Examining John 12:1-11

Tara Ingrid Ludmer


6 April, 2000

New Testament Studies 260-312B

This passage is full of active verbs and I think it will be interesting to examine the actors and their actions to learn about the meaning of this gobbet. The first actor is Jesus, who comes to Bethany, which is identified as "home of Lazarus whom [Jesus] had raised from the dead" (Jn 12:1). From the previous chapter, we know that Bethany is just two miles from Jerusalem, so by coming there Jesus is moving very close to Jerusalem for his last Passover ever. In the previous chapter, furthermore, Bethany is described as "the village of Mary and her sister Martha" (Jn 11:2). Thus Bethany is very strongly associated with this trio of characters who appear in this short story.

The next actor is ‘They,’ who give a supper in Jesus’ honor. It is not clear who this is. Martha is serving, so possibly it is in her home, but then who would the rest of the they be? Why, anyway, is it necessary to tell us that Martha, the third actor, is serving? To me this theme of serving is one of the most fascinating parts of this gobbet.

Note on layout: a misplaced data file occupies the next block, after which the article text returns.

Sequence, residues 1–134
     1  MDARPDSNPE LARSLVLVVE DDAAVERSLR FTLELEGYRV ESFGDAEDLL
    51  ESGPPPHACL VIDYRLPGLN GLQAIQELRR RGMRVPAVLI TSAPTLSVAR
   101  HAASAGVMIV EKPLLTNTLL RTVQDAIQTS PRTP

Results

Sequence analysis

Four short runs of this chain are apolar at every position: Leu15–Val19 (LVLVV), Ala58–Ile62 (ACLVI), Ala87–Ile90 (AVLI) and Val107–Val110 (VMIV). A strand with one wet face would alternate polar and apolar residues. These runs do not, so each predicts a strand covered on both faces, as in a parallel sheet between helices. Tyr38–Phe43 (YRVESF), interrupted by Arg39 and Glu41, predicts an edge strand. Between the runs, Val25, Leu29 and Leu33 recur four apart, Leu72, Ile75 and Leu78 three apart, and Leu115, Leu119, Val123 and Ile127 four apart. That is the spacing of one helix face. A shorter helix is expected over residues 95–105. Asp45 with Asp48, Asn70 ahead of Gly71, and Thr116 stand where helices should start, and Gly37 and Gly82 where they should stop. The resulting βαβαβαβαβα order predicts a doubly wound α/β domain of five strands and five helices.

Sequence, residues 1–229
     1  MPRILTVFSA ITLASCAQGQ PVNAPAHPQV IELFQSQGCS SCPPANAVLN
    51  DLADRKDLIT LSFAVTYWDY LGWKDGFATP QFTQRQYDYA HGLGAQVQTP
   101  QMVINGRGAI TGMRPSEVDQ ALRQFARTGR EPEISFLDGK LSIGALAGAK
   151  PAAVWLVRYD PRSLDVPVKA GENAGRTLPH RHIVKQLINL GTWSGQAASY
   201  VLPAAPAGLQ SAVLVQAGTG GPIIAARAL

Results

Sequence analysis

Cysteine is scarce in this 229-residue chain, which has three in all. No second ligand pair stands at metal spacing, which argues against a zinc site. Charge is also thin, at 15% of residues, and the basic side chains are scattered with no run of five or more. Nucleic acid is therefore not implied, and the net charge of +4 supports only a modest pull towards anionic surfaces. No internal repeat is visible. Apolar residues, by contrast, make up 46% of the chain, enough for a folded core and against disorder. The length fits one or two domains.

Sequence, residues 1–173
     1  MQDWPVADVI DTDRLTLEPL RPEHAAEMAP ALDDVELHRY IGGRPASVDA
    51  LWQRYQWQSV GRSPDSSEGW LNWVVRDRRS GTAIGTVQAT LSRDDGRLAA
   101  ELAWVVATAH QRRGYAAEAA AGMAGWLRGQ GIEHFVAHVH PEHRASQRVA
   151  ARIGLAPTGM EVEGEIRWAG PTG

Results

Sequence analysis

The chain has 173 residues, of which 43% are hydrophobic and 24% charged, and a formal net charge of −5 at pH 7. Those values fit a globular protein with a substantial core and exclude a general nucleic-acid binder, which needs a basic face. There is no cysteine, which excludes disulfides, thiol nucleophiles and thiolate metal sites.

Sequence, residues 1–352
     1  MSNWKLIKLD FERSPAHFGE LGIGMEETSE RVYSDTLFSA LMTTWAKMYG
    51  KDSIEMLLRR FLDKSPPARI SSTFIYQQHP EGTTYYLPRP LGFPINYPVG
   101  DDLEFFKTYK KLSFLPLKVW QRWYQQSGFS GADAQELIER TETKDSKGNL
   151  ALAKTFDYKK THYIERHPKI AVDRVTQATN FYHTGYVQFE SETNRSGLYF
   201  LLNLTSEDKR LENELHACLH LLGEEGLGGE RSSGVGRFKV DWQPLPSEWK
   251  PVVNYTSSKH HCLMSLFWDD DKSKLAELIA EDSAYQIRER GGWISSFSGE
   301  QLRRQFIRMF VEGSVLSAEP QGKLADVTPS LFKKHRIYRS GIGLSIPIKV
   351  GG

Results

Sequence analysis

The theme of Martha serving recalls Luke 10:38,40 where Martha makes Jesus welcome, but is also distracted "by her many tasks." Jesus chastises her for resenting Mary’s lack of help, saying "Mary has chosen what is best; it shall not be taken away from her" (Lk 10:42). Here again, Mary and Martha are serving Jesus in different ways. Martha is serving the guests, and Mary "anointed Jesus’ feet and wiped them with her hair" (Jn 12:3). Although Jesus does not specifically praise Mary’s actions here, he does defend her from Judas’ accusation of thoughtless spending. In addition, we can understand her actions here better by looking elsewhere in John. John 11:2 impresses upon us the significance of Mary’s action when it identifies Mary as "the woman who anointed the Lord with ointment and wiped his feet with her hair." The idea of wiping feet with hair is in itself startling, especially in light of the fact that a woman would normally not unbind her hair at all in public view (Malina 203). Perhaps the unbinding of her hair signals a departure from the norm. Another related such departure in John is in 13, when Jesus washes the feet of the twelve! It is interesting too that this episode is also presented in the time context of the upcoming Passover festival. In any case, as Mary unbound her hair, Jesus "rose from the supper table, took off his outer garment, and taking a towel, tied it round him" (Jn 13:4). Then he proceeded to wash the feet of his disciples. After doing so he explains himself; "You call me Teacher and Lord… Then if I your Lord and Teacher, have washed your feet, you also ought to wash one another’s feet… In very truth I tell you, a servant is not greater than his master" (Jn 13:13-16). From this we can understand that while Martha serves, Mary serves also, in washing Jesus’ feet, and in a more sacred way. Furthermore, in John 13 Jesus makes the connection between bathing and washing – "Anyone who has bathed needs no further washing; he is clean all over; and you are clean, though not every one of you" (Jn 13:10). This is relevant because John 12:1-11 is bracketed on one side by the description of people going to "Jerusalem to purify themselves before the festival" (Jn 11:55). Just as Jesus does not wash Simon Peter’s hands and head as well, because he is already clean, so Mary’s anointing of Jesus’ feet is not a purification, but contrasts the purification going on in Jerusalem and builds the idea that true purity or cleanliness is not ritual but spiritual. It is also ironic that while the other evangelists insist that the woman who anoints Jesus should always be remembered, John does not, and yet he records a name for her.